Upcoming SlideShare
×

# 3. planning in situational calculas

431 views

Published on

Published in: Technology, Education
1 Like
Statistics
Notes
• Full Name
Comment goes here.

Are you sure you want to Yes No
• Be the first to comment

Views
Total views
431
On SlideShare
0
From Embeds
0
Number of Embeds
2
Actions
Shares
0
10
0
Likes
1
Embeds 0
No embeds

No notes for slide

### 3. planning in situational calculas

1. 1. Planning in situational calculus 1
2. 2. Situation Calculus• The idea behind situation calculus is that (reachable) states are definable in terms of the actions required to reach them.• These reachable states are called situations. What is true in a situation can be defined in terms of relations with the situation as an argument. 2
3. 3. Situation Calculus contd..• Situation calculus is defined in terms of situations. A situation is either• init, the initial situation, or• do(A,S), the situation resulting from doing action A in situation S, if it is possible to do action A in situation S. 3
4. 4. Contd..• Situations are connected by the Result function• e.g. s1= Result(a,s0) is the function giving the situation that results from doing action a while in situation s0• Here, we represent an action sequence (plan) by a list [first | rest ] where 4
5. 5. Contd..• first is the initial action and rest is a list of remaining actions.• PlanResult(p,s) generalizes Result to give the situation resulting from executing p starting from state s:• ∀s PlanResult([],s) = s• ∀s,a,p PlanResult([a | p], s) = PlanResult(p, Result(a,s)) 5
6. 6. Contd..• Provides a framework for representing change, actions and reasoning about them.• Situational calculus:• - is based on FOPL;• - a situation variable models new stars of the world;• - action objects model activities;• - uses inference methods developed for FOPL to do the reasoning. 6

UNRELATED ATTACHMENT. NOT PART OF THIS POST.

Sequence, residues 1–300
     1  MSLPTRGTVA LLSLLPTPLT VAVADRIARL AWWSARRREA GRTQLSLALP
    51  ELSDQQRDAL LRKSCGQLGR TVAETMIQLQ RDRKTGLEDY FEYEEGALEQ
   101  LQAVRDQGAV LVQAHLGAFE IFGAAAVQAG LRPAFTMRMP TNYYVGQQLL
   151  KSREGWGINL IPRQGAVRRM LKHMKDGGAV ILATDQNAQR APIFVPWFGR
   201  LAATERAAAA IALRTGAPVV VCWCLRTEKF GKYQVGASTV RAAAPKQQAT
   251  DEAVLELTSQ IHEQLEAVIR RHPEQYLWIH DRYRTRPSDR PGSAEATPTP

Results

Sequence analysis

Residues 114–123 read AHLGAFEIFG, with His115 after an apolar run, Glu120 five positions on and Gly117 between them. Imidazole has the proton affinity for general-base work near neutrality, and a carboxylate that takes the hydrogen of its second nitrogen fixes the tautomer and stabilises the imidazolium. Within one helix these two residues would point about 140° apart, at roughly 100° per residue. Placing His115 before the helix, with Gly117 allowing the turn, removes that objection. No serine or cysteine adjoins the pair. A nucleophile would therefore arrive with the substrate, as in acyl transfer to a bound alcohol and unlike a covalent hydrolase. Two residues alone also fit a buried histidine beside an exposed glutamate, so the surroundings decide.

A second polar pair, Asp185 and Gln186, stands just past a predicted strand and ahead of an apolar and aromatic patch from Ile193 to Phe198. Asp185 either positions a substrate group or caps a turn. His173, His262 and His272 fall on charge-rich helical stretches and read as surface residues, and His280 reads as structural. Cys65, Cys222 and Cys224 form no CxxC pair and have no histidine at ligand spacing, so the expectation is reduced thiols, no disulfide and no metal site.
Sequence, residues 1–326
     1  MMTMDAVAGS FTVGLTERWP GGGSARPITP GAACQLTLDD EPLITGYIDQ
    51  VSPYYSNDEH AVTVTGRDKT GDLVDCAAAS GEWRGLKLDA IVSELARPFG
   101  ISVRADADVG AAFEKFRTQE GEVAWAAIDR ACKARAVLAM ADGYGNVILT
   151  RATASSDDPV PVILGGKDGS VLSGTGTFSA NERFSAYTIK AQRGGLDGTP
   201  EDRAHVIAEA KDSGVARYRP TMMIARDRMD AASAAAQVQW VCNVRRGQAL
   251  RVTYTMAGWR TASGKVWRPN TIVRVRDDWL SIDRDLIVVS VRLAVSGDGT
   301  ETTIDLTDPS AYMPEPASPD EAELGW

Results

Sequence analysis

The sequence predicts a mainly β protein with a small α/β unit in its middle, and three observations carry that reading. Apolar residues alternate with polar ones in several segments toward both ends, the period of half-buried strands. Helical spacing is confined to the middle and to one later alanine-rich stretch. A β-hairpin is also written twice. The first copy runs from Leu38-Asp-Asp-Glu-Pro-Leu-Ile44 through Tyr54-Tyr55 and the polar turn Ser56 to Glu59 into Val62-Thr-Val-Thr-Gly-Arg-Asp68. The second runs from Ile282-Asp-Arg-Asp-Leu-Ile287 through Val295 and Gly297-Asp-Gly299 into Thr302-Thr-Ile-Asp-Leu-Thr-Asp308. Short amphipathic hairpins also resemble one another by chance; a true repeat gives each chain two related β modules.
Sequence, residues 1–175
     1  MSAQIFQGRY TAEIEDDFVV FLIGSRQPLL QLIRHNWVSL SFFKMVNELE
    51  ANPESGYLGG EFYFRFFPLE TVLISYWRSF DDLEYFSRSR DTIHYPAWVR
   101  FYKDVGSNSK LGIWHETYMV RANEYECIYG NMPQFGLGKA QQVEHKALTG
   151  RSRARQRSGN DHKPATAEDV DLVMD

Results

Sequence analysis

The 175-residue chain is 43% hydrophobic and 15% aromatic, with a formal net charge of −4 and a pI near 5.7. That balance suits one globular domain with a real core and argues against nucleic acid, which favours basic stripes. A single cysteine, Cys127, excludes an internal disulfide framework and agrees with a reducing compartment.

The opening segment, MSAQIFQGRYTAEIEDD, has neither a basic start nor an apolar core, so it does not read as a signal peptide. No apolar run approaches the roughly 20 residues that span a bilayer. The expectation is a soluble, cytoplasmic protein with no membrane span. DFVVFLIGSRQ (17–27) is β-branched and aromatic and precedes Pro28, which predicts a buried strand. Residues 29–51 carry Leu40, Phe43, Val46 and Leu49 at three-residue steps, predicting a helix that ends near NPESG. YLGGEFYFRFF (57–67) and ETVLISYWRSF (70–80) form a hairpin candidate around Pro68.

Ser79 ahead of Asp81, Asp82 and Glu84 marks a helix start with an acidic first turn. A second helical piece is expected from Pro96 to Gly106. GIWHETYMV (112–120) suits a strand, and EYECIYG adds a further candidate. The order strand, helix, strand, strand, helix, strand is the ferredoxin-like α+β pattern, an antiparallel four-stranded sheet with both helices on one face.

7. 7. Planning in Situational Calculus• Situational calculus is a dialect of first order predicate calculus formalization of states, actions and the effects of actions on states.• Actions:- every change requires actions. The constant and function symbols for actions are completely dependent on the application. Actions typically have preconditions.• Situations:- denote possible world histories. – Constant s0 and function symbol do are used, s0 denotes the initial situation before any action has been performed. – do(a, s) denotes the new situation that results from the performing action a in situation s. 7
8. 8. SITUATIONAL CALCULUSSituational calculus is based on FOPL plus: Special variables: s,a – objects of type situation and action Action functions: return actions.  E.g., move(A, TABLE, B) represents a move action  move(x, y, z) represents an action schemaTwo special function symbols of type situation s0 – initial situation do(a,s) – denotes the situation obtained after performing an action a in situation s.Situation-dependent functions and relations also called fluents Relation: on(x, y, s) – object x is on object y in situation s; Function: above(x, s) – object that is above x in situation s. 8
9. 9. Situational Calculus Example• Shopping Problem – “Get a liter of milk, a bunch of bananas and a variable- speed cordless drill.”• Need to define – Initial state – Operations• A planning problem represented in situational calculus by logical sentences – initial state : For shopping problem at(Home,s0)  ¬have(Milk, s0)  ¬have(Banana, s0)  ¬have(Drill,s) – goal state: a logical query s: at(Home,s)  have(Milk,s)  have(Bananas,s)  have(Drill,s) 9
10. 10. Operators in Situational Calculus• Operators : description of actions a,s: have(Milk,Result(a,s))  [(a=buy(Milk)  at(Supermarket,s)  (have(Milk,s)  a  drop(Milk))]• Result’(l,s) means result from sequence of actions l starting in s. s: Result’([],s)=s a,p,s: Result’([a|p],s)=Result’(p,Result(a,s)) 10
11. 11. Solutions in Situational Calculus• Solutions – solution : a plan that an agent guarantees achievement of the goal – a solution is a complete and consistent plan – a complete plan : every precondition of every step is achieved by some other step – a consistent plan : no contradictions in the ordering or binding constraints. When we meet a inconsistent plan we backtrack and try another branch 11
12. 12. Solutions in Situational Calculus: Example• A solution to the shopping problem is a plan P, applied to so, that yields a situation satisfying the goal query : at(Home, Result’(p,s0))  have(Milk,Result’(p, s0))  have(Bananas, result’(p, s0)  have(Drill,Result’ (p, s0)) P = [Go(Supermarket),Buy(Bananas),Go(HardwareStore),Buy(Drill), Go(Home)]• To make planning practical: 1. Restrict the language 2. use a special-purpose algorithm 12